The good news is that both the leaves and fruit of the prickly pear plant are edible for both animals and humans. I have eaten the leaves (needleless or needles removed) cut up in scrambled eggs, and I would again if it’s on the menu. Eating the red fruit has been described as a cross between all-natural bubble gum and watermelon. I may try it. The liquid is used for many tasty dishes (see recipes on line).
While Texas probably has the most prickly-pear cactus, it has other unpleasant surprises for your body growing among the lovelies of the field. Stinging nettle is common, annoying, and can be found in other places around the world. More is hidden, lurking in the fields, but other demons are not hidden at all.
When Lady Bird Johnson said to, “Plant a tree, a bush, or a shrub,” I feel certain that she did not mean for us to plant a mesquite (pronounced meh-skeet), which can be any of the three. I don’t understand why anyone would plant a prickly pear cactus in their flower bed as a decorative or ornamental, but they do. Anyone, and in Texas for sure, who would deliberately plant a mesquite is either some type of dirt or plant scientist doing research, or a fool. The well-deserved nick name for the mesquite tree is the Devil Tree.
If the normally unwanted cactus is a pox on the Texas landscape, the mesquite tree is a scourge. Yes, the bean pods are edible. The spread of this plague is due to the same pear chomping bovine eating the seed pods or beans, and then crapping out the impossible to digest seeds. Seeds in pods (or beans) can lie dormant for up to 40 years waiting for the right conditions and time to sprout. I wonder how many mesquites have spouted from the rotting carcasses of dead longhorns.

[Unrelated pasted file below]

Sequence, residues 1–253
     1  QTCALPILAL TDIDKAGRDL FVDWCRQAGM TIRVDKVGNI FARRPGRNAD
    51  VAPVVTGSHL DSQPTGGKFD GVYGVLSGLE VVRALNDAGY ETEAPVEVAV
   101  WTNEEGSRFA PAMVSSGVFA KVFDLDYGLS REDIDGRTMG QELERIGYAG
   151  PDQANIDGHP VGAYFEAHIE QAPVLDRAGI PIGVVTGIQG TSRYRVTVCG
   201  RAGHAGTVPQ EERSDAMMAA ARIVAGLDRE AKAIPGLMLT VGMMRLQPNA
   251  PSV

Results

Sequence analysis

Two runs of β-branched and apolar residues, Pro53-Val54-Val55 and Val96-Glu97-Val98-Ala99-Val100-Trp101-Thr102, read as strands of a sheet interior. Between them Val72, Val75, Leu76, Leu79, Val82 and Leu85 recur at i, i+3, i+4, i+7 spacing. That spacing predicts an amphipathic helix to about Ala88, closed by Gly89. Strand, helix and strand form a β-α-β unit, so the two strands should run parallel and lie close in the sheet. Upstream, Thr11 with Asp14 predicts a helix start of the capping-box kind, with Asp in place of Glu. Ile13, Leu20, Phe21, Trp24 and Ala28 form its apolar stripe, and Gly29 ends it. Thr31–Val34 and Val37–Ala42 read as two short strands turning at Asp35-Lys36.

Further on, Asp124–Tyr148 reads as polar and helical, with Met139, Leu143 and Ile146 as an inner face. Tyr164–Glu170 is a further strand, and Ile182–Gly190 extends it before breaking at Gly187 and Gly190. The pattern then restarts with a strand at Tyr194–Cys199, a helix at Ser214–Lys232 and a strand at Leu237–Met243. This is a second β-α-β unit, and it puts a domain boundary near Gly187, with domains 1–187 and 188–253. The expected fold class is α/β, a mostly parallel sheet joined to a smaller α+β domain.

I have read that mesquite beans have a sugary coating making them quite tasty. I’ve not experienced that taste. Of the 40 species of mesquite, only 7 grow in Texas, the most common being the poorly named honey mesquite. Yet, of the 167.5 million acres that make up this state, honey mesquite flourishes on 56 million of those acres. That means that 76% of all mesquite in America is living in Texas. On any drive through the Texas outback, one can find standing dead mesquite, poisoned with spray herbicides. Owners will have the dead plants bull-dosed and burned. But, the mesquite will return. It’s not that easy to kill the Devil Tree.
With roots to Hell (or to China, according to my wife), delicate feathery leaves similar to those of a mimosa tree, wood only good for burning in bar-b-que grills or just burning (yes, some shabby, not-so-chic furniture has been made), and nasty thorns up to 3 inches long; the Texas mesquite tree, bush, or shrub is here to stay – useless and as annoying as the sting of a scorpion, but going nowhere soon.
“A native Texan once told me that Texas is one of the most inhospitable places to humans on the planet, coming in just behind Australia. He said that because he believed that Texas has more poisonous critters, and more vegetation that has briars and thorns and poisonous saps than any other place on Earth – except Australia. I do not know if that is true, but I do know that Texas has its share (and maybe a little more) of all the things that man talked about.” ~ C E Clark, read more here.
In the midst of incredible beauty, look both ways.
Mind the gaps, the thorns, the barbs, and the stingy-thingies.